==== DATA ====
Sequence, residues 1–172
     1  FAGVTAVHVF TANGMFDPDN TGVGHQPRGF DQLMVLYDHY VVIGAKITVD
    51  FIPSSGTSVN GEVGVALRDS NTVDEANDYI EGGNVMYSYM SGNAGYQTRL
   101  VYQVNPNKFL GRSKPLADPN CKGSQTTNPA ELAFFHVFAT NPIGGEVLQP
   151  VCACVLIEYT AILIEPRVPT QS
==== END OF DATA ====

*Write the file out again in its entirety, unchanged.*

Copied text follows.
Sequence, residues 1–172
     1  FAGVTAVHVF TANGMFDPDN TGVGHQPRGF DQLMVLYDHY VVIGAKITVD
    51  FIPSSGTSVN GEVGVALRDS NTVDEANDYI EGGNVMYSYM SGNAGYQTRL
   101  VYQVNPNKFL GRSKPLADPN CKGSQTTNPA ELAFFHVFAT NPIGGEVLQP
   151  VCACVLIEYT AILIEPRVPT QS